Full Circle: How One Kind Moment Created A USO Volunteer for Life

The Flores family. Courtesy photo

The Flores family. Courtesy photo

When Nancy Flores stepped off a plane in Germany in 2003 with just her luggage and her cat, there was supposed to be someone from the military there to pick her up. There wasn’t.

“I saw that USO sign and thought, ‘I can go there. They will help me!’”

She was right. A USO volunteer invited her inside the center where more volunteers took the then-23-year-old’s luggage, looked up the phone numbers to her husband’s unit, gave her a snack and even cut down a plastic cup to make a water dish for her cat.

Her husband, now-retired Army communications Sgt. Johnathan Flores, had sent the duty driver to pick her up, but they had left an hour late and were stuck in traffic. It was something the volunteers at the USO at Frankfurt International Airport had seen before.

“At a very young age, I was alone in a foreign country and that was a very huge relief for me to find the USO,” said Nancy, who was 23 at the time. “[My husband is] my security blanket in those situations, so being alone in that situation was scary.”

When the driver arrived, the USO volunteers helped her on her way, and that singular moment of compassion spawned Flores’ lifetime commitment to both the organization and the military community.

“Seven years later I found out we had a USO on Fort Hood and as soon as I could I started volunteering,” she said. “I enjoy every day making soldiers and their families smile.”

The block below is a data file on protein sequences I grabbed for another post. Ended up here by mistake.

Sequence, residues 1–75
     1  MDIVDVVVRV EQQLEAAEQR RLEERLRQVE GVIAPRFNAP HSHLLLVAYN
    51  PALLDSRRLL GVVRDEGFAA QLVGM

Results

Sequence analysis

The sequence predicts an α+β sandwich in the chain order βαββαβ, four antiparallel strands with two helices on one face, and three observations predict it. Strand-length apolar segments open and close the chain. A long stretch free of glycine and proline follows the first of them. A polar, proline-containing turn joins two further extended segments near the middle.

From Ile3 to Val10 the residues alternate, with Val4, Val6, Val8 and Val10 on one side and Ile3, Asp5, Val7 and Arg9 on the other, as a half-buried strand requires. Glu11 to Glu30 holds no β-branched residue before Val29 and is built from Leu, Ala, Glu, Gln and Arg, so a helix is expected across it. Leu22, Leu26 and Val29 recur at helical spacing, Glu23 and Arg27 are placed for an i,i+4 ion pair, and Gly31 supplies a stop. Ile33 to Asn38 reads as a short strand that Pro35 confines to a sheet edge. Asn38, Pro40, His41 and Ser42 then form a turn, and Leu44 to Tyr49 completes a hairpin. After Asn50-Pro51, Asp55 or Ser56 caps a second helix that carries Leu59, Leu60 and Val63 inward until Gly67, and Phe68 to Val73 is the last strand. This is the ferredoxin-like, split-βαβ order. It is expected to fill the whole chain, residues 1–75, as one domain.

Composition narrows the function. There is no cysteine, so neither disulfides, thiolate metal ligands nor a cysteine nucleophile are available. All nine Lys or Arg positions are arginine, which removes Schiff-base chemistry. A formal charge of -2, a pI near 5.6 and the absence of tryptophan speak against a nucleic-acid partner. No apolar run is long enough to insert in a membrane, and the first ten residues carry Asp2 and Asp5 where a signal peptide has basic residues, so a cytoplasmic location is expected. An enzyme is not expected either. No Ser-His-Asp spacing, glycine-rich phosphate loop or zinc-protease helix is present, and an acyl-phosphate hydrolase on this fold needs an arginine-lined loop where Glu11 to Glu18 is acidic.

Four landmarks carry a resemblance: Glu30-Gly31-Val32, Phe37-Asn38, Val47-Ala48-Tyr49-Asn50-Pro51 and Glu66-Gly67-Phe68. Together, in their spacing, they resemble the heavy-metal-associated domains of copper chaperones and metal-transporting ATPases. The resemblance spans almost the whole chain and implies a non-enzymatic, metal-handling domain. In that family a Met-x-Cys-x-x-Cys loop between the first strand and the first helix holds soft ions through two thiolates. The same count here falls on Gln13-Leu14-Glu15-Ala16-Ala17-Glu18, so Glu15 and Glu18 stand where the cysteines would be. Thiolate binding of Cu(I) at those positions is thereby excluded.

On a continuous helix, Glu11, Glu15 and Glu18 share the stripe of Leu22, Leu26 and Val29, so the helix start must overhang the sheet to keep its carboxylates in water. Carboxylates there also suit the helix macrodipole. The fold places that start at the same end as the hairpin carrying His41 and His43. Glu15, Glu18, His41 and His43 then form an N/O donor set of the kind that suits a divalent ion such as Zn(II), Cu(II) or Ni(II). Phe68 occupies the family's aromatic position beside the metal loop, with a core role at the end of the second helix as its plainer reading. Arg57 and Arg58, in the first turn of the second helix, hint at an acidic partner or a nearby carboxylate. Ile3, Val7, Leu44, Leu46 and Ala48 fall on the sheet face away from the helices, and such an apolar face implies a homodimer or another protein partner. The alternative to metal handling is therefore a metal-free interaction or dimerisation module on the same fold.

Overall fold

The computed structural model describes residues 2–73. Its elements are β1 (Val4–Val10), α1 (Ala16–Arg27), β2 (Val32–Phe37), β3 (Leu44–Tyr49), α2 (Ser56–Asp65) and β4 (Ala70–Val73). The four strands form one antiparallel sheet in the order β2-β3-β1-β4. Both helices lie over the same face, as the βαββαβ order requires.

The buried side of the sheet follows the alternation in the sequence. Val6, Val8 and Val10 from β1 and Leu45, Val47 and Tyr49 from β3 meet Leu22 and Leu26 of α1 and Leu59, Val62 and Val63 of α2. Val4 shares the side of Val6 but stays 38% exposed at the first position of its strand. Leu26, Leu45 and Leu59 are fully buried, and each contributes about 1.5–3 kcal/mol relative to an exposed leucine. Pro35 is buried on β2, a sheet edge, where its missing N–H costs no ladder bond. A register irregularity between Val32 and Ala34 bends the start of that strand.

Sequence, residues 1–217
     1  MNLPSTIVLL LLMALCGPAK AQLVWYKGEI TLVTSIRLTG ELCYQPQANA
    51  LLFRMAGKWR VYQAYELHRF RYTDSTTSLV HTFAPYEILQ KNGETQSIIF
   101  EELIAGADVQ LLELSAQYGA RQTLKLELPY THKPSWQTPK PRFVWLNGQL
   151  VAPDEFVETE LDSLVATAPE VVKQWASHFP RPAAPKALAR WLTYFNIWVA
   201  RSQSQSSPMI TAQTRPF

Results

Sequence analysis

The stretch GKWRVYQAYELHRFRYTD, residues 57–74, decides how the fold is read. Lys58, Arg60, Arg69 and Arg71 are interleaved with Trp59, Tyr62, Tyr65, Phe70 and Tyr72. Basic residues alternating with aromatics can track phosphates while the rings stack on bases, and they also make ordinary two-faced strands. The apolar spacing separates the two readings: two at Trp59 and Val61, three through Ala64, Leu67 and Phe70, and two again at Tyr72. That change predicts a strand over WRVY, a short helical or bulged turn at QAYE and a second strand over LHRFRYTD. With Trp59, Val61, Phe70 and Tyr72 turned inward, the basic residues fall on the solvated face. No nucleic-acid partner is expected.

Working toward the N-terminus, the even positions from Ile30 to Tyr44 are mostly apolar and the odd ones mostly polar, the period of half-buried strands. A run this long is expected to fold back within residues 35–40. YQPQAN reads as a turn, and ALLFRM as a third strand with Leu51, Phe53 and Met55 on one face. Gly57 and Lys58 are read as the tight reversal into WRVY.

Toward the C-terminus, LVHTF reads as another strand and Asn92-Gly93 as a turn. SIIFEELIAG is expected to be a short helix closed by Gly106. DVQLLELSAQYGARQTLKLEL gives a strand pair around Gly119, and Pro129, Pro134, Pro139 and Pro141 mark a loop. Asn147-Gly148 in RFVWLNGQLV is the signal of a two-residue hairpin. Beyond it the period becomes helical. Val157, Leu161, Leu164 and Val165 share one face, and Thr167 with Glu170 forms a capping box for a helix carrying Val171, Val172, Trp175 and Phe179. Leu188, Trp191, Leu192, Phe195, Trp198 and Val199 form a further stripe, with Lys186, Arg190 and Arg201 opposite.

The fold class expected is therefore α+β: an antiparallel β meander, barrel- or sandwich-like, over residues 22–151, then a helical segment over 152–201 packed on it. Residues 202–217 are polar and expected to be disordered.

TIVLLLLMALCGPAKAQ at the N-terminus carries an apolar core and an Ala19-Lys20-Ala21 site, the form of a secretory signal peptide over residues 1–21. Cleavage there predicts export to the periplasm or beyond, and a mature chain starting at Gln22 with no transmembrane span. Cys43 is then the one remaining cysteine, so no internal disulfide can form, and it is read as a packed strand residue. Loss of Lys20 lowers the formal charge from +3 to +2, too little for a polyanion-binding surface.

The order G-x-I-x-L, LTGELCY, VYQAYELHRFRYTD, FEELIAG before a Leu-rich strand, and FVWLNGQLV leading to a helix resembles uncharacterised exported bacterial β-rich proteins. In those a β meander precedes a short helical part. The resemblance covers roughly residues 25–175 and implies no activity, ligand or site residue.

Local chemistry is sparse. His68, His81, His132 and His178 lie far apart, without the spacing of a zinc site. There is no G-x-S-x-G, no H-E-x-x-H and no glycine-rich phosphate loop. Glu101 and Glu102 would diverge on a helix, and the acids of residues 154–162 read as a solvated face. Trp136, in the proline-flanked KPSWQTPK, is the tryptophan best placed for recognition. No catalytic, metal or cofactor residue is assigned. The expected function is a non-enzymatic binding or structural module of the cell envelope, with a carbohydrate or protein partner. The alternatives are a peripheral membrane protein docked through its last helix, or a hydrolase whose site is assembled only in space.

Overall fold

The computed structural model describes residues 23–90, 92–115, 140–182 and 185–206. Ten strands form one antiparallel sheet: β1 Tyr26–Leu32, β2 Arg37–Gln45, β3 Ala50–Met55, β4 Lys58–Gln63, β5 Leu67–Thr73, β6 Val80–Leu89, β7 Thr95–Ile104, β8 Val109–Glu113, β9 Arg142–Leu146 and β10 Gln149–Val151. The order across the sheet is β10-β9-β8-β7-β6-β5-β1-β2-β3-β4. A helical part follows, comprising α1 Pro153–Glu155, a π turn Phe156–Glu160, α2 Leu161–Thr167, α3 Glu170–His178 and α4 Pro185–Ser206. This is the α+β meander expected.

She currently volunteers once or twice a week from four to six hours at a time, helping anywhere she’s needed, from flightline welcome home events to working behind a desk in a center.

But her favorite program by far is the Story Time Early Literacy Workshop. She’s volunteered once a month at the USO Fort Hood/Military Child Education Coalition event for the last three years, helping feed breakfast and read books to pre-school-age children who attend with their parents.

But her connection to the USO runs even deeper than a missed ride and the resulting volunteerism. Her son, Johnathan Flores Jr., 10, has watched her husband deploy three times. Nancy says it was the USO that made it possible for her husband and their growing boy to connect.

“We are a family of USO volunteers and we always will be very proud of making moments count for other military families just like the USO did for [us].”

The first time her husband deployed, Jonathan Jr. was only 3 months old. Nancy knew she would have some contact with her husband over the Internet, but didn’t know which moments he’d get to see from afar.

“Daddy does bed time,” she said. “That was a moment every day. And when he left it was sad that we had to break that pattern.

“But then out of nowhere we received these books he recorded at a USO center.”

When the USO/United Through Reading packages arrived, Flores broke down in tears knowing bedtime was back on again.

“I had no idea it was even coming,” she said. “Every night we played the video and, even though it was the same story, it was a moment with Daddy. He knew that Daddy cared.”

“We have that memory,” she said. “And that’s a really cool moment for us. Every time my son was missing Daddy we’d pop in that DVD.